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Racism and the Criminal Justice System

By Jon Sievert

At this week’s Sunday service, the Unitarian Universalist Fellowship of San Miguel marks the Martin Luther King, Jr. holiday focused on the racism of today, especially in the criminal justice system of the United States.

UU Service
“Racism and the Criminal Justice System”
By Rev. Tom Rosiello
Sun, Jan 18, 10:30am
Hotel Posada La Aldea
Ancha de San Antonio 15

Nearly 52 years ago, Dr. King delivered his famous “I Have A Dream” speech calling for the end of racism in the United States. This speech was a defining moment in the civil rights movement that was followed by marches and protests that led to the passage of legislation that banned all manner of discrimination based on race. Now, two generations later, we must ask ourselves “What happened to the dream of Dr. King?” Yes, we have a black president of the United States, but we are far from being a society free from racism. The US court and prison systems, in the words of author Michelle Alexander, are the “New Jim Crow.”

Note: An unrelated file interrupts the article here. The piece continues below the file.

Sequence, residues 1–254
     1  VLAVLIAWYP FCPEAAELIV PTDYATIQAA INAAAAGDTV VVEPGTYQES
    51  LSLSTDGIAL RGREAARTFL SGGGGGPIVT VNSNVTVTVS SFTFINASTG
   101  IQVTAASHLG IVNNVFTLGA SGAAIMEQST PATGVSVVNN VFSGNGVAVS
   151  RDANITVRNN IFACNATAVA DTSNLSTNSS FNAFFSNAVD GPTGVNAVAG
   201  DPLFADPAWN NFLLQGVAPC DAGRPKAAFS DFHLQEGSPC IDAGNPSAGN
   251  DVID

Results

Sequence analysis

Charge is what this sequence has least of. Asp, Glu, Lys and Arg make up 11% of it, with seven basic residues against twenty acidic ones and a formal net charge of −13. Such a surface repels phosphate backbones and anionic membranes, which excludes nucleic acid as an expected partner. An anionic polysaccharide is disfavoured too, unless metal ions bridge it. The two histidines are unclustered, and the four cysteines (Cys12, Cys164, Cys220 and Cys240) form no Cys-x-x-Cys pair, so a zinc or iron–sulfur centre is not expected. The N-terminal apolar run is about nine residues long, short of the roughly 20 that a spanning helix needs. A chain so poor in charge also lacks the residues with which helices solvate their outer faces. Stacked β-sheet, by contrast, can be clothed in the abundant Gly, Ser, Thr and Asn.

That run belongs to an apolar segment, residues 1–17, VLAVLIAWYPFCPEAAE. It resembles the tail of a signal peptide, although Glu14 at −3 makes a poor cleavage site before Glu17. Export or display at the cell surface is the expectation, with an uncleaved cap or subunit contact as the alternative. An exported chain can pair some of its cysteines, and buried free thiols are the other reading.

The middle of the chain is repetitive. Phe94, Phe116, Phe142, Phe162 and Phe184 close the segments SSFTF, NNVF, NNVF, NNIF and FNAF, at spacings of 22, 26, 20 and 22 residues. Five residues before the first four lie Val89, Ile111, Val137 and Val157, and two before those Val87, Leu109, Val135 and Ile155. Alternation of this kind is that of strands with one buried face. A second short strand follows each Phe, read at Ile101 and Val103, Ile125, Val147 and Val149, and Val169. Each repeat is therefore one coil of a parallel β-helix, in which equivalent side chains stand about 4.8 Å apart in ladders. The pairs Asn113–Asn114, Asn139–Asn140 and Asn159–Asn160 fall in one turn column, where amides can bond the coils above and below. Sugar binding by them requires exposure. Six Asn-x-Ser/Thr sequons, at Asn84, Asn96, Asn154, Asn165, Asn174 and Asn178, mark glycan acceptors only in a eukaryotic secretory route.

Out on the streets, the recent killings of unarmed black men and boys by police, and the grand jury’s failure to return indictments in these cases, have sparked a new wave of marches and protests that have focused our attention again on racial injustice. It seems we are at another of the raw pivotal moments in the civil rights movement that causes us all to examine our own hearts and commit anew to a recognition of the equal and inherent worth and dignity of every person.

Our guest preacher is the Rev. Tom Rosiello, minister of the First Parish of Stow & Action Unitarian Universalist Church in Stow, Massachusetts. Rev. Rosiello has a unique perspective on these issues from his ministry and work with the Unitarian Universalist Urban Ministry, which serves a largely black community in Boston, and nearly 20 years in the criminal justice system as an Assistant District Attorney and a criminal defense lawyer.

Music for this service is provided by the highly acclaimed pianist Malcolm Halliday and features his inspiring arrangements of spirituals by black composers and hymns and songs of the civil rights movement.

The UU Fellowship meets every Sunday at 10:30am at La Posada de la Aldea, Ancha de San Antonio 15 and welcomes people of all ages, races, religions, sexual orientation, and gender identity. Visitors are invited to attend the service and then join the UUs for coffee and snacks afterwards. The room is wheelchair accessible. For more information, visit our website at


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